Rian Johnson set himself a gargantuan task when he decided to take on a sequel to the wildly successful Knives Out. After all, how could anyone capture that special kind of old-school movie magic back-to-back? It sounded virtually impossible and this critic was admittedly quite skeptical. More fool me. Johnson turns the volume up to eleven with his follow-up, Glass Onion: A Knives Out Mystery, and manages to deliver one fine rollercoaster of a film that is every bit as entertaining and refreshing as its predecessor.
One could argue that, despite its stellar script and note-perfect A-list cast, the secret of the first film’s success lay in the veritable twinkle and pure cinematic joy that suffused every frame. That special something is there in spades in the sequel too. Daniel Craig, in particular, continues to relish his time as preeminent detective, and seersucker connoisseur, Benoit Blanc. He has slightly toned down the Foghorn Leghorn of it all here but fear not, Craig dials it right back up again when the situation calls for it. And luckily for the audience, it calls for it quite a bit. But even when the actor goes all-in on the bumbling aw-shucks-ness of the persona, there’s never any doubt that Blanc is the smartest man in the room. Every time you think the situation may have gotten the better of him, the twinkle in his eye returns and you realize he’s got the puzzle solved and everything well in hand. That they manage to balance that clear sense of showmanship with his steadfast empathy and sense of justice is just another reason why this sleuth is a character for the ages.
If there’s one complaint about Glass Onion, it’s that there’s just not enough Benoit to go around. But to give him even more screen time would be to take away from the perfectly-crafted cast of supporting characters—each more entertaining than they really have any right to be. Their charm is absolutely down to the pitch-perfect casting. Edward Norton deliciously hams it up as Miles Bron, the Elon Musk-ish man at the centre of the mystery. Add to that Leslie Odom Jr. as science genius Lionel, Kate Hudson as model-turned-musician Birdie Jay, Kathryn Hahn as politician Claire, Dave Bautista as bombastic MRA Duke, Madelyn Cline as his girlfriend Whiskey, and Jesica Henwick as Birdie’s long suffering assistant Peg, and you’ve got an island full of memorably hilarious suspects. In listing the major cast, we’ve left one major actor and role unaccounted for here and that’s because she deserves to be singled out. Janelle Monáe is absolutely riveting as Miles’ ex-business partner Cassandra Brand. She nails every inch of the campy comedy but manages to also effectively ground the film’s few moments of real drama. If we had to lose some Benoit time, we’re glad it was to this ensemble of excellently portrayed oddballs.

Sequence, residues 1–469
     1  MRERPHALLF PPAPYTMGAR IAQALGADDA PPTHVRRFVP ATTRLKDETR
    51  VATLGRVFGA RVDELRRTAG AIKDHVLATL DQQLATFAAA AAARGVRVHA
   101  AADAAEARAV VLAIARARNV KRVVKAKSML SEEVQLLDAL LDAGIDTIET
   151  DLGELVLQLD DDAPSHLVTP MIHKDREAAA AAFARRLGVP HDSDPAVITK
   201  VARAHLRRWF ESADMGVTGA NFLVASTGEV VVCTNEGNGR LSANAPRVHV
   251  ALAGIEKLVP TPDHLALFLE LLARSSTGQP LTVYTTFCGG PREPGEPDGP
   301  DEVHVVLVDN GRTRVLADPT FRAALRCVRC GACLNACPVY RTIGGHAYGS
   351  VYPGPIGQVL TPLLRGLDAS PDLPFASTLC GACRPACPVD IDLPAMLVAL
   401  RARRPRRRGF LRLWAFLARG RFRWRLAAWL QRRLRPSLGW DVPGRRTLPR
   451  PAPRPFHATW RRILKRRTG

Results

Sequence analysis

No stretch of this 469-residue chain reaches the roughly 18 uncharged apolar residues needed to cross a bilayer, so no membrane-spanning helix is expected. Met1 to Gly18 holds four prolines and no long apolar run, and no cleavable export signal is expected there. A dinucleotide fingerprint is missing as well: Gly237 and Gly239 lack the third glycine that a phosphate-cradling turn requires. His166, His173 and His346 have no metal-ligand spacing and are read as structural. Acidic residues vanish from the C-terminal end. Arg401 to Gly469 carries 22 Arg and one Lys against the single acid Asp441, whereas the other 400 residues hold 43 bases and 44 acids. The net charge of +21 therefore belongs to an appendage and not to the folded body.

Johnson’s script doesn’t disappoint either. Glass Onion is full of trippy twists and surprising puzzles, but he also impressively manages to give the proceedings some real tension and the character’s real stakes. You applaud and cheer each mic drop moment and gasp at each revelation. And there are moments that in a lesser director’s hands would’ve faltered or felt eye-rollingly meta or self-indulgent. But not here. From a why-complicate-it plot device to do away with on-screen COVID protocols to a boatload of perfectly-placed cameos that never take away from the story being told, Johnson connects on every swing. There are even not-so-subtle nods to the current state of world affairs and the rise of alternative facts and talking points. At one point, Blanc drops a gem of a reminder, disguised as folksy wisdom: “It’s a dangerous thing to compare speaking without through to speaking the truth”. It’s a rare moment when a room full of jaded jounalists burst out in spontaneous applause but that line hit right in our wheelhouse, while also hitting the nail on the proverbial head.
To say more about Glass Onion would be to spoil too much, and what a travesty it would be to take away from all the truly entertaining twists and turns here. But rest assured, the film delivers on every level—from costumes to set design to cinematography and beyond. It would seem almost unprecedented for Rian Johnson and the team behind the Knives Out series to deliver at this level of quality forever but for now, they are batting a thousand. And if that means there’s room for another Benoit Blanc adventure somewhere down the line, we’ll be the first in line.
Glass Onion: A Knives Out Mystery screens as part of TIFF 2022, which runs from September 8 to 18. Head here for more from the festival. It is set to hit theatres later this fall before landing on Netflix on December 23.
This review was originally published on ThatShelf.com.